Ocean Noise Pollution and its Harmful Affects on Aquatic Mammals
This topic submitted by Allison Carlascio (
Carlasal@miamioh.edu) at 9:45 PM on 6/5/07.
A fabulous sunset at Drake Bay near Corcovado national park, Costa Rica. See other
from the Costa Rica.
While terrestrial pollution has always taken the forefront of concern, underwater noise pollution is a disturbing problem that is quickly degrading the ocean life that we know and love. With a growing use for underwater acoustics, and both man-made and natural noise sources, underwater noise pollution has been proven to have severely damaging affects to the ocean and all the inhabitants in it, especially aquatic mammals. I will not only discuss the sources that are contributing to these severe physiological and behavioral problems but I’ll also discuss these problems themselves to a certain extent. I will also take an inward look at recent news that has impacted people’s understanding of the severity of this noise, and discuss some preventative actions to hopefully reverse the detrimental damage that has already been done.
Ocean noise pollution can be described many ways. In simple words, the ocean is filled to the brim with loud noises. Over time this noise has increased a tremendous amount. In fact, since 1970 it is estimated that noise solely from human activity has increased at 10 decibels per decade. (Darlene) This “human activity” comes from various sources that exude different harmful noises. Some examples of this are military sonar, used for defensive and research purposes, fishing boats, merchant ships, research vessels, and oil rigs. (McCarthy) Other forms are pingers that are used to locate flight recorders by airlines, sidescan sonars that locate shipwrecks, multibeam sonars that create a special 3D floor-plan of the ocean floor, and many more. (McCarthy)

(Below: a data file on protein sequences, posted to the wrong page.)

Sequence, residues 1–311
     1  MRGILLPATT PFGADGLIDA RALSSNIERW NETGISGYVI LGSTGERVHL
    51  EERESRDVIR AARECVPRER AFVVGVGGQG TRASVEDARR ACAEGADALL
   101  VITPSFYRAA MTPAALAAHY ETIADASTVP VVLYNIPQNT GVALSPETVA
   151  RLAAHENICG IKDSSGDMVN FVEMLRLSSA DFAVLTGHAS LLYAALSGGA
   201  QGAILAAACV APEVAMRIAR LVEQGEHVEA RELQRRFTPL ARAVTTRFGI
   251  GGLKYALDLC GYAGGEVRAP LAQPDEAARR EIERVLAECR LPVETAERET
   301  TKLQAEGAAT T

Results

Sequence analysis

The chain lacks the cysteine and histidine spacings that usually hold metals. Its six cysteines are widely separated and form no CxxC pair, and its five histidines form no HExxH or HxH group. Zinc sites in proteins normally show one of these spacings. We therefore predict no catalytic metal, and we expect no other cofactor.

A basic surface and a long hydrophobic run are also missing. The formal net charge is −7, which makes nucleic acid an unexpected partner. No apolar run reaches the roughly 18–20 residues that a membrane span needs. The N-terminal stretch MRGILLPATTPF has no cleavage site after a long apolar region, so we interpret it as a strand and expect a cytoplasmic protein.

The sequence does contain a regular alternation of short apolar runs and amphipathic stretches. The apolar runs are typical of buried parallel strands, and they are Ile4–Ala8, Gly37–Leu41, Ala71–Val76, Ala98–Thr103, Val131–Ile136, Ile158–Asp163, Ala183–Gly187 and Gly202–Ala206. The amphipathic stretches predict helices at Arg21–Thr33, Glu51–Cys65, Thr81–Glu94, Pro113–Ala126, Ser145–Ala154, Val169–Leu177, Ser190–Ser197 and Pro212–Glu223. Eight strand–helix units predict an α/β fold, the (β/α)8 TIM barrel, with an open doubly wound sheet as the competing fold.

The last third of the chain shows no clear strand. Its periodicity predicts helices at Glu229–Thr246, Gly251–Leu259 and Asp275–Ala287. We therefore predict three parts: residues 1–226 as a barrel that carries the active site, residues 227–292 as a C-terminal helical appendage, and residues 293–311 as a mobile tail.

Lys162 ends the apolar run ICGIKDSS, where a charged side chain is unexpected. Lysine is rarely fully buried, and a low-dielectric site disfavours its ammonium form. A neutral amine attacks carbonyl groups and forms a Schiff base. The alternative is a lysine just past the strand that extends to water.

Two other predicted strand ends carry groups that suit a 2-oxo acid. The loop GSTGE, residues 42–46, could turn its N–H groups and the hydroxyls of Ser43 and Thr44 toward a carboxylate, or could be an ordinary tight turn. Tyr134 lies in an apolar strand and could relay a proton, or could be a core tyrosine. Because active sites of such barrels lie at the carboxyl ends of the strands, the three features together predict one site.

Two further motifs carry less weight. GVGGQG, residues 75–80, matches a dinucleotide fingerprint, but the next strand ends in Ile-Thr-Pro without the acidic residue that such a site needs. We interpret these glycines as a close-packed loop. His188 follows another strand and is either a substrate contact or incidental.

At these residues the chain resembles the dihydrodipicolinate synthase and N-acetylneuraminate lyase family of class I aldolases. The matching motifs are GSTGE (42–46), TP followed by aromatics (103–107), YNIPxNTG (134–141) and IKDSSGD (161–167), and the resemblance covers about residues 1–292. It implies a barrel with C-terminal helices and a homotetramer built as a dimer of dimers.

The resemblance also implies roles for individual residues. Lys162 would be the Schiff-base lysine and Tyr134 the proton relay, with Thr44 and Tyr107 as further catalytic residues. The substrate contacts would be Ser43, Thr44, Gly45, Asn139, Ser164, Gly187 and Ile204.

Both sonic noise and seismic surveys are used in the efforts of evolving research on effects of this sound on the oceanic environment. Sonar noises, such ones used in Naval weaponry, are meant to be heard over vast distances but short sequence periods. Seismic surveys, such ones used in exploration of oil and geological studies, are very similar in intensity to short military sonar, but they are more deadly because they are set for weeks or even months. (Cummings) When speaking of seismic activity, the sound impulses are produced by ejecting bubbles of air. Airguns, a source of this seismic noise, expel 30 to 800 cubic inches of air per shot. They are like air cannons and are either used singularly or collectively to create one massive sound that uses up to 8080 cubic inches of air per shot. (Cummings) These seismic surveys are being used all over the world, in places such as the continental shelves, which is the most common region, as well as the North Sea, Gulf of Mexico, and areas around Australia, Venezuela, Brazil, and Alaska. (Cummings)
Even though sonic and seismic noises are two deathly leading causes for concern when noise pollution is considered, there are many other sources that can be almost as detrimental. Natural sources of high intensity sound, such as wave action, sea quakes, heavy rain and whale vocalizations, can be even lower frequencies than seismic arrays and therefore more disruptive. (Cummings) Overall ambience has also increased about 10-20 dB over the past 100 years. Another way to categorize ocean noise pollution is labeling pollution as either acute or diffuse. Acute pollution which is equivalent to the sonar noise tests described previously, or diffuse pollution which is a generalized background noise that affects a larger region. (Pavan) An example of this diffuse pollution is ship traffic. (Pavan)
Even though there are differences between all of these sources of noise, they all contribute to the ever-increasing pollution in the waters. This noise affects marine mammals in almost every aspect of their life. In order to communicate with each other, many species of whales depend on hearing calls from other whales. These calls can easily be hidden behind “acoustic masking” from sounds in the same frequency ranges. (Cummings) The calls of baleen whales (humpback, blue, fin, and grey whales) are frequencies that range from 20 to 500 Hz. (Cummings) This shows that the frequencies of sonar and even natural sources can easily mask the sound of the calls of whales and other marine mammals and significantly alter their natural behaviors.